The torturing and killing of the innocent neither as martyrs who welcome it, nor as heroes who have fought through it and lost, but as children who do not know any better: if there is such pain which invites the question the most, it is this kind of pain. How can undeserved, unwanted and unnecessary pain ever be made into something beautiful? It is I think, the only legitimate case against an all-powerful and all-loving God. And I, too, struggle with it everytime I see cruel injustice and oppression and untimely deaths.

To answer why God would permit such evil to prevail, however is another matter for another time. But is important to note that this is what makes the question difficult to answer. There is the kind of pain which is beautiful as it builds us up, and another kind which is just simply pain which hurts and kills for no apparent reason.

3.) In answering the question, I distinguish between the two kinds of pain.

The first kind of pain, the pain-as-means-to-an-end, may only be as beautiful and good as its own end. And the way to make such pain truly beautiful is to suffer it without hiding, transcending cowardice and regard for one’s safety.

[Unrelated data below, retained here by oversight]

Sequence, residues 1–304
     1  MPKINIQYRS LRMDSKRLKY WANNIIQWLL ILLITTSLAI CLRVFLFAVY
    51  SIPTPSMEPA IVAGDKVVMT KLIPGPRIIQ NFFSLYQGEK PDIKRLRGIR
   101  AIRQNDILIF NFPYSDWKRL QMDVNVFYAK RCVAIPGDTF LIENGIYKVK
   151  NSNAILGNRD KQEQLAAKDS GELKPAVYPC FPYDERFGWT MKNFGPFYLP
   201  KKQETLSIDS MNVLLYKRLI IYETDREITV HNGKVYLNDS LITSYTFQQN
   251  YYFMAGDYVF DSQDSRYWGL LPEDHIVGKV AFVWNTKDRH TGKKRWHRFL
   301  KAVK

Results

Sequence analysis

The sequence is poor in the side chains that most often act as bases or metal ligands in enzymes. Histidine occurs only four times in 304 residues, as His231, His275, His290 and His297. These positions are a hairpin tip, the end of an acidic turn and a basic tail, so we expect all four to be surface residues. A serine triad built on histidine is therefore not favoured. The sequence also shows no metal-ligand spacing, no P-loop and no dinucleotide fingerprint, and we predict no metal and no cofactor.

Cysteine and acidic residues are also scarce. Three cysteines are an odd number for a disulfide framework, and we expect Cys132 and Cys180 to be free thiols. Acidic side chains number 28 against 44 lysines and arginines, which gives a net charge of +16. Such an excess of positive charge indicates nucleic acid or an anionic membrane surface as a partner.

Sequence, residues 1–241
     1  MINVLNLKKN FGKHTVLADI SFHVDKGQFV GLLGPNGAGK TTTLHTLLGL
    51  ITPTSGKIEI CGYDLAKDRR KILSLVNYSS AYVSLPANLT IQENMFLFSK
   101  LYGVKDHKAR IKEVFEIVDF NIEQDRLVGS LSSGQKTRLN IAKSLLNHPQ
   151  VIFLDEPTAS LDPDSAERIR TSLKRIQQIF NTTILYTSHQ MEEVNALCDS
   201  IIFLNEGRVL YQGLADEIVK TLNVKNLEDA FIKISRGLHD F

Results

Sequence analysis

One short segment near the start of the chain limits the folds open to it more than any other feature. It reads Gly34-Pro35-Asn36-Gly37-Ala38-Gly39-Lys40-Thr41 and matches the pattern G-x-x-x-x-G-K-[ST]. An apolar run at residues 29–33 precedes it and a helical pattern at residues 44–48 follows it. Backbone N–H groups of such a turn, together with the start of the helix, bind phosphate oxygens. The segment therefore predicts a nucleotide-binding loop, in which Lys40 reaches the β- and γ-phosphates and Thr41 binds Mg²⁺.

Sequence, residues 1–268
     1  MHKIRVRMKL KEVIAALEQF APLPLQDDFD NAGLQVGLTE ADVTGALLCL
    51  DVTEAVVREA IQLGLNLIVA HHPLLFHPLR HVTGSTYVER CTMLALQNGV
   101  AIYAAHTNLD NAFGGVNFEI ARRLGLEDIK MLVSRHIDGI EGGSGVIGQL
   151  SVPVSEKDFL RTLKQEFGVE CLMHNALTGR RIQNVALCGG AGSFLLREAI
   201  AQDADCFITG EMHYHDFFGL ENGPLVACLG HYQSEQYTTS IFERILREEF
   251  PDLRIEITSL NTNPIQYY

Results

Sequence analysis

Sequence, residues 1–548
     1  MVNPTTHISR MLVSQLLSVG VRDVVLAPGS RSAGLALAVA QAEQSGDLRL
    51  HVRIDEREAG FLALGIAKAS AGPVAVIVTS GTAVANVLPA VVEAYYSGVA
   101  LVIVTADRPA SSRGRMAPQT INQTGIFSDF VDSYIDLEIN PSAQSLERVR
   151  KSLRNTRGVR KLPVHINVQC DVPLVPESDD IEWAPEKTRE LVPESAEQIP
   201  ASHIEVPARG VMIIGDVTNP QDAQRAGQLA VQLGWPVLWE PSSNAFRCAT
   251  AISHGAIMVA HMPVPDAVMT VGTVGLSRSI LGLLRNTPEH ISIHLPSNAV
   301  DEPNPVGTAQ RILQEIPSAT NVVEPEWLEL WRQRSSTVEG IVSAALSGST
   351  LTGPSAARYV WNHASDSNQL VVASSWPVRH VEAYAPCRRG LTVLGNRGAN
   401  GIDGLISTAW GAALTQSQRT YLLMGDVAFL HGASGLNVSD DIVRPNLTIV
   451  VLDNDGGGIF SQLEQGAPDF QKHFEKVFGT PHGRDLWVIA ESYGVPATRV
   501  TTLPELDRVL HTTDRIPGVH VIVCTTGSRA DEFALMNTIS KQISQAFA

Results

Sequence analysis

Such pain’s beauty wasted when the cause is abandoned in the name of fear or conveniece. Christ’s sacrifice, for example, is beautiful because He did not opt out. He saw it through. Even if it means death.

The second kind of pain cannot be made beautiful. It must be eliminated. It is why there are causes which require us to endure hardship like good revolutionaries: because there is a war needed to be won.

Injustice can only be made beautiful by defeating it. Oppression can only be made beautiful by ending it. Evil can only be made beautiful by destroying it.

And in suffering through the realization of Goodness, of Justice, of Heaven – whether it is in this life or the next – is what would makes us truly beautiful.